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With gas prices skyrocketing at more than $3 in the last weeks, people on the private and public sectors are feeling the pinch.
Roane County residents who commute or who travel for their work are especially noticing.
“I drive the most fuel efficient car we have,” said Roane County resident Sarah McCoin. “I can’t afford to go to my job in Knoxville with a gas guzzler.”
“I feel sorry for so many employees,” she added.
McCoin said her family has had to make adjustments in their recreation, including transporting their horses to the mountains for trail rides.
She said the cost of fuel for her farm operation is taking a toll as well.
Most farm equipment is diesel — which is running well higher than gasoline.
“Every time we fill the tractor up, it is an endless pit,” McCoin said.
McCoin hopes there is one silver lining to the prices.
“I hope people will do business in Roane County,” she said.
Commissioner Randy Ellis also travels to Knoxville for his job.
“With the gas prices, me and my family have had to cut back on driving and tighten up on our family budget,” Ellis said.
Governments in Roane County see gas costs affecting their budgets, particularly in areas such as law enforcement that see the most traveling.
“If this continues awhile, it is going to affect us all,” said County Executive Ron Woody.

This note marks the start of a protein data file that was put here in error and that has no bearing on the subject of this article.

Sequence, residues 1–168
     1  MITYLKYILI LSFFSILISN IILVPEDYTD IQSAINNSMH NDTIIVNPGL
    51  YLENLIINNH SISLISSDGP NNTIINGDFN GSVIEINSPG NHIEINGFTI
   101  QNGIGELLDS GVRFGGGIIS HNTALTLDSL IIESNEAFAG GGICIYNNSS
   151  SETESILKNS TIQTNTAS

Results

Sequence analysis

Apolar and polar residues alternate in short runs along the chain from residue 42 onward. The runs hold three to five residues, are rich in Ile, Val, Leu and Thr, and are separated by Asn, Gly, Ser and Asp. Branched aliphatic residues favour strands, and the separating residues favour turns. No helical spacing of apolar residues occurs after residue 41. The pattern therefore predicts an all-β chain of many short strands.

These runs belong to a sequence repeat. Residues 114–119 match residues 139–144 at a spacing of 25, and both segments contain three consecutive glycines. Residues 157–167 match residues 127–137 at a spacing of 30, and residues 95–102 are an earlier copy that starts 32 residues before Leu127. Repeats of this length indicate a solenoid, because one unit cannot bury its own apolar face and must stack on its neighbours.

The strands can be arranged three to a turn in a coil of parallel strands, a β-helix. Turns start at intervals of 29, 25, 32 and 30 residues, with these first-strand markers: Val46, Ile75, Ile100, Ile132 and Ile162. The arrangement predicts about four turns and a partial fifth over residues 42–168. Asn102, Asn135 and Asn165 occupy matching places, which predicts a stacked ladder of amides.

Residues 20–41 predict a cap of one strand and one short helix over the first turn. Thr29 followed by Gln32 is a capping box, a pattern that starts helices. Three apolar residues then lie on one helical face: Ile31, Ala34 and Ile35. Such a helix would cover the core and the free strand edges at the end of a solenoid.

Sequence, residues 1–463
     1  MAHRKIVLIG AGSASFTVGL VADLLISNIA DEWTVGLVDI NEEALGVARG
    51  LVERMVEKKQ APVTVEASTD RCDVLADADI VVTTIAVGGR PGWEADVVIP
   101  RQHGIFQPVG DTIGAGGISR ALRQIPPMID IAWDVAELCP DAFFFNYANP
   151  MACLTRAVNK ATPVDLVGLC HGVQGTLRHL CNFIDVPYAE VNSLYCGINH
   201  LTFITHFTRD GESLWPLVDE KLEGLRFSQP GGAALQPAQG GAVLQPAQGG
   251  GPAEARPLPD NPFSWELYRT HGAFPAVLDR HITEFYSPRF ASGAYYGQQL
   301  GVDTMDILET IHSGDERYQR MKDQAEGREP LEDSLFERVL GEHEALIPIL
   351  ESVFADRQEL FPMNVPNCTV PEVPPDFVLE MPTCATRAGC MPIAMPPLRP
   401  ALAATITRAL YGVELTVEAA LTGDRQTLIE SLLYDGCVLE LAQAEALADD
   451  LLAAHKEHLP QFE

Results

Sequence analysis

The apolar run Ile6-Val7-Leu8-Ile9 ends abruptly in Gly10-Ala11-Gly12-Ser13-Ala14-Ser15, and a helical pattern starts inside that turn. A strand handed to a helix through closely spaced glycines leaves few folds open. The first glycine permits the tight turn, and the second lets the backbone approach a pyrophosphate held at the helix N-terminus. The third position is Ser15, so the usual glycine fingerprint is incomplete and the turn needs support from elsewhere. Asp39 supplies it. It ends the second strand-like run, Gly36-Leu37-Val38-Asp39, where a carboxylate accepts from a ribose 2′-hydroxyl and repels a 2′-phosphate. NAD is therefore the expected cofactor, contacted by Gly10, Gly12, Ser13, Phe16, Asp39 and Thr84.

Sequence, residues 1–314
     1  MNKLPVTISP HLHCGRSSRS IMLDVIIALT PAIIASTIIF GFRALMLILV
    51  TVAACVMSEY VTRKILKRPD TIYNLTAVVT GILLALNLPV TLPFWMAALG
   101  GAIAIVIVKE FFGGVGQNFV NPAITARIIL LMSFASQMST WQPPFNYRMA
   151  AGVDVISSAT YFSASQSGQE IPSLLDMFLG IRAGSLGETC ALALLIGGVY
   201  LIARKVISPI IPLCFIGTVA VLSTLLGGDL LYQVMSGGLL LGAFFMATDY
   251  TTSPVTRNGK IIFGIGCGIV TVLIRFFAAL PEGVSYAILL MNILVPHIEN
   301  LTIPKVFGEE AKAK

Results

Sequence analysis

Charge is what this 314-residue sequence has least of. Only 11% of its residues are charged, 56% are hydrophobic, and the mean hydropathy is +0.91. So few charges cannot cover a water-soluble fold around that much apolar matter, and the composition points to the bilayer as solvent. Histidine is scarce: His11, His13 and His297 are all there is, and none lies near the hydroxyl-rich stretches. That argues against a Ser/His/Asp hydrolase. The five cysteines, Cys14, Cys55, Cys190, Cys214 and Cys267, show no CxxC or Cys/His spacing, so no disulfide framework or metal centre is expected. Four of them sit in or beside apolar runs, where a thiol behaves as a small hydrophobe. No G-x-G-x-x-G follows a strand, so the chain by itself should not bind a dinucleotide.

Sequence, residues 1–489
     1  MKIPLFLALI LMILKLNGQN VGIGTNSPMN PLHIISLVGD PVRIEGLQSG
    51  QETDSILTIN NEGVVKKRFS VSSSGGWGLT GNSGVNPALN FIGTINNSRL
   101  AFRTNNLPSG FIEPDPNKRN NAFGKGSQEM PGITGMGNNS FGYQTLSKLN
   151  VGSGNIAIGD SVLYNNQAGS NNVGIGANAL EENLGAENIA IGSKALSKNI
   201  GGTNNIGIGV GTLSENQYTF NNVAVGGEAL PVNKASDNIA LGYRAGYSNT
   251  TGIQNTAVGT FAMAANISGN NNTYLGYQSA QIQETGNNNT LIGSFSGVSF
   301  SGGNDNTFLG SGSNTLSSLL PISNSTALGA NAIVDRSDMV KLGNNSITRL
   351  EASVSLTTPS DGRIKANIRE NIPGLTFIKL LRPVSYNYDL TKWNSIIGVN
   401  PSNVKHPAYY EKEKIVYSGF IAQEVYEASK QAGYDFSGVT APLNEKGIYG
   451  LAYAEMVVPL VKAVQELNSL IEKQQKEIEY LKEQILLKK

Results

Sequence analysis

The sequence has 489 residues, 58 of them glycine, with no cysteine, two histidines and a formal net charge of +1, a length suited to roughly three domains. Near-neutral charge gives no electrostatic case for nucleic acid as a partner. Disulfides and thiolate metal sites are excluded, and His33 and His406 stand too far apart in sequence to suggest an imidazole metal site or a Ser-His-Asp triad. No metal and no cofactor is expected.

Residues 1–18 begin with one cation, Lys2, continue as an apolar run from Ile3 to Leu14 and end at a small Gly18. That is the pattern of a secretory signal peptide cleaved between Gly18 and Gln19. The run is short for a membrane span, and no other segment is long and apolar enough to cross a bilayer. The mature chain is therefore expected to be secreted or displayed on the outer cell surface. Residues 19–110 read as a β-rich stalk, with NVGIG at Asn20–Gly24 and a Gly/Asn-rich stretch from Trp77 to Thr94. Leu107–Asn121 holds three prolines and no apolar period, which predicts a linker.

Woody said the Roane County Sheriff Office has spent about half of its fuel revenue so far. If the high gas prices continue, or even escalate, the office may have to look at steps to cut down on fuel use, he added.
The ambulance service runs on the more costly diesel.
Woody said that is where the county is seeing a real problem, with $54,000 of the budgeted $85,000 being spent thus far based on February numbers.
Woody said he hopes the Roane County Commission will reconsider changes to the fee structure at the ambulance service. He said the county’s charges for the service are much cheaper than other areas.
Harriman officials say a lot depends on if the high prices continue as well.
“We’re tight in our budget to begin with on gas, oil and fuel,” said Harriman Treasurer Charles Kerley. Kerley said it is the police department that uses the most fuel and would be most likely to see a budget overrun.
“They have some mitigating actions they can take,” Kerley added.
That includes doubling up in patrol cars if need be.
“I think probably if this were an extended increase in prices, we might see using up our (fuel) budget by late April timeframe,” Kerley said.
Rockwood has spent more than expected for the city’s own Rockwood police fleet’s fuel, but Rockwood City Recorder Jim Hines said months of being short staffed may help the police budget cover the overages in fuelspending.
Kingston Police Chief Jim Washam said his department is within its fuel budget for now.
“We’re starting to see the increase now (in the billing),” Washam said.
They may be within budget, but they’ve also implemented some conservation efforts.
“We’re cutting (the vehicles) off and starting to cut back a little, not on our service but on some of our mileage,” Washam said.